Helping others is most rewarding

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I have been fortunate to experience the workings of a post-adoption services organisation from multiple perspectives. The first was as a service user. It was whilst holidaying in China that I met the then manager of the local organisation, who was a member of our travelling group and when we returned to Melbourne, I visited her at work. She helped me with the search for my son.

Almost a decade later, I served several terms on the organisation's Committee of Management, which is responsible for setting the strategic direction, overseeing its implementation and ensuring good governance.

Then, taking my involvement and personal education a step further, I was appointed Manager of the same post-adoption services organisation. Operating under the self-help model, we encouraged service users to manage the pace of their find and connect enterprises. Bound by the state-mandated legislation then in place, our principal user group was necessarily adopted persons. Helping them search for their mother (and sometimes father and/or siblings) was the staff's principal role, underpinned by the emotional support that could be required at any time during the pre-search, search, contact and reunion phases.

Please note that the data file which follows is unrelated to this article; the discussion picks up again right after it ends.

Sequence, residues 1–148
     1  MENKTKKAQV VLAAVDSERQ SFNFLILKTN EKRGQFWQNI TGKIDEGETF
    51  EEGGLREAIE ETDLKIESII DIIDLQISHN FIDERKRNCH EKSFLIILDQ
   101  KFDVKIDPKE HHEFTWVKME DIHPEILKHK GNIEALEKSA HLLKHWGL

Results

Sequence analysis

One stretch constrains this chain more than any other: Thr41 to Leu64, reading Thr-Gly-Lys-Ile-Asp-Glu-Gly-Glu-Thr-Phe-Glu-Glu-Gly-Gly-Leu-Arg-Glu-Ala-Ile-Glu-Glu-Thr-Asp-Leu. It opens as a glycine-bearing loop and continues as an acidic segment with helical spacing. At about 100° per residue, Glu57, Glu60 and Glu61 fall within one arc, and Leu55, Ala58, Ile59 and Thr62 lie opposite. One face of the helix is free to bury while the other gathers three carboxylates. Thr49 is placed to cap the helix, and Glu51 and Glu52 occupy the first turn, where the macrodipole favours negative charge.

The organisation also ran support groups (and continues to do so). As a father, I attended my first support group meeting not long after I returned from China. I and others have found that whilst telling your story can be therapeutic, this is a setting also for empathy and learning. Many attendees feel validated, as they hear others describe feelings that they had thought they alone had experienced. There are fresh points of view to consider, some of which may be personally confronting. In a mixed support group there is the opportunity to hear views from the other side of the adoption separation divide and so build mutual understanding.

I have benefited from a government-funded post-adoption services organisation, initially as a user, then later as a provider. Informed by my experiences and those of others, I have written extensively about the impact of adoption separation, often (but not exclusively) from the little-documented perspective of the father. My publications include four books and over sixty articles.

Helping others is most rewarding.


Effective professional and peer support services are critical resources to help alleviate the loss, grief and other consequences of adoption separation. As a recipient and a provider, I have felt the benefits of this dictum.